Architectural concept images have been released of what is slated to be Africa’s tallest building.
The design, released by Johannesburg architectural firm @126, is expected to be located in Tshwane, South Africa, and will become a part of the commonly known Centurion Symbio-City.
The design boasts 110 storeys and will span 447 metres. It is planned as a mixed-use facility, harbouring residential, office, retail and hotel space. The concept images show that the central focus tower, which has wind turbines embedded into its structure, will have a façade that is characterised by its multi-layered structure. This central structure is bordered by the two smaller towers, which are 336 metres and 210 metres tall.
The renderings suggest further development plans that could include a monorail system and urban landscaping design, turning what could have been a singular skyscraper cluster into a pseudo-precinct development.
Local residents, however, fear the development will become too large in scale for nearby commercial areas.
“Businesses around the Centurion lakeside mall, where (the project) is expected to be built, said Centurion was going through an economic slump and would not be able to handle the influx of a project of this nature could bring,” says the local IOL News.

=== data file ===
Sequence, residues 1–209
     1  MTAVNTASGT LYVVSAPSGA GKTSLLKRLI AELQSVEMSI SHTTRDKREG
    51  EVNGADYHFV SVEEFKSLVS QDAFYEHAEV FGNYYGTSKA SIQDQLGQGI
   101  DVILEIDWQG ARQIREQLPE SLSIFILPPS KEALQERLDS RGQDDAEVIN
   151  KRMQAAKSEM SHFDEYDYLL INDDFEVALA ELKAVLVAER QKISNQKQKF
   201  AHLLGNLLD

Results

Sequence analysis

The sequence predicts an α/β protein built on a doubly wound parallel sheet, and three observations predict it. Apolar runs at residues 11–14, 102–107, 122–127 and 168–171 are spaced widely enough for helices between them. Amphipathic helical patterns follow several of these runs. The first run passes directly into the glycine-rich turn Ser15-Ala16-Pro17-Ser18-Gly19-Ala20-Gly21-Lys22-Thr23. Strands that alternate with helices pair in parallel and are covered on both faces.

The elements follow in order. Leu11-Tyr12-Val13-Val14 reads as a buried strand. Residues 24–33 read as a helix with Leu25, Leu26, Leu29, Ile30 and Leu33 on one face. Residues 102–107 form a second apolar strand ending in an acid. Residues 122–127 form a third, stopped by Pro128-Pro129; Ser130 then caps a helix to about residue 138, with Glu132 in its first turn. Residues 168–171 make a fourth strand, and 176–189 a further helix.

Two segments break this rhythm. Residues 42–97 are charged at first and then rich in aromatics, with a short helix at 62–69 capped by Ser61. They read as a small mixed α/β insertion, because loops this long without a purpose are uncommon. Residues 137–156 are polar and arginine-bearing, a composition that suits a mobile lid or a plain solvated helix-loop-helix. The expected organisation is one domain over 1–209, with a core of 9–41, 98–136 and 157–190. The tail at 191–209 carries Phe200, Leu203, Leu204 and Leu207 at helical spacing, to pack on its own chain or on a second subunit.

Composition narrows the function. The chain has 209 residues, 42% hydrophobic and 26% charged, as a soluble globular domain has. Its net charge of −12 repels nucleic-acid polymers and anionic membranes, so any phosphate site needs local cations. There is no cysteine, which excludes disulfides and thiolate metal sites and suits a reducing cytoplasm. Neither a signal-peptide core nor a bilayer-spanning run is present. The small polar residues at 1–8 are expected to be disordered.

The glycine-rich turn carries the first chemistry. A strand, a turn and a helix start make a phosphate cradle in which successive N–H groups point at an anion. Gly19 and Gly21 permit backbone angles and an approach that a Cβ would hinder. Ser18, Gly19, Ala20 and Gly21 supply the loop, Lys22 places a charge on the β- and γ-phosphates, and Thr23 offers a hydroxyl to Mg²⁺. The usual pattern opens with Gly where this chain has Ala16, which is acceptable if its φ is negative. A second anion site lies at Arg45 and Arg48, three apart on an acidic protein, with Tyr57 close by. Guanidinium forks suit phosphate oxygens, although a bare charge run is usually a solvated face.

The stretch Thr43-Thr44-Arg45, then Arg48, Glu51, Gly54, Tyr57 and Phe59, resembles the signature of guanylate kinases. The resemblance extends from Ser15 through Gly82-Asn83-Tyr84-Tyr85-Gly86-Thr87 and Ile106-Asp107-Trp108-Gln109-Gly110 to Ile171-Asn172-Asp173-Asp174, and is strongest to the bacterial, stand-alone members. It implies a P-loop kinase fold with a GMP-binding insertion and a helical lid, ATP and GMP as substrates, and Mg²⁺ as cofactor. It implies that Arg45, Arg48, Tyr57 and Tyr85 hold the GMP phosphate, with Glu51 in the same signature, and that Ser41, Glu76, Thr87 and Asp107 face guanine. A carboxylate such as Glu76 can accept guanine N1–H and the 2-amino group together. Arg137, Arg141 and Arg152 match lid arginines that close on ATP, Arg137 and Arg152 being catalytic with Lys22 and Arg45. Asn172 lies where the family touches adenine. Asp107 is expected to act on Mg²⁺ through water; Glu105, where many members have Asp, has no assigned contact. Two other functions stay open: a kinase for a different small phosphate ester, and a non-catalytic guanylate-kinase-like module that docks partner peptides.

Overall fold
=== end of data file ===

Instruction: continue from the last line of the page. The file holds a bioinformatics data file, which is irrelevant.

However, the local mayor has backed the plans, saying they will both reflect and enhance the areas current culture and lifestyle.
“The development is a reflection of the range of economic opportunities, cultural experiences, safety and a quality physical environment that Tshwane offers,” says Mayor Kgosientso “Sputla” Ramokgopa. “The availability of a variety of effective and efficiently provided public services, as well as affordable and green commuting options and amenities are all important factors in creating a high quality living experience.”
The mayor has also reassured locals that instead of adding strain to the area, the development will stimulate economic growth and generate jobs.
“The construction of this development will also assist towards job creation, by generating in excess of 10,000 jobs during construction and in excess of 4,000 sustainable jobs post-construction,” says Ramokgopa.
The project is expected to be completed by 2018.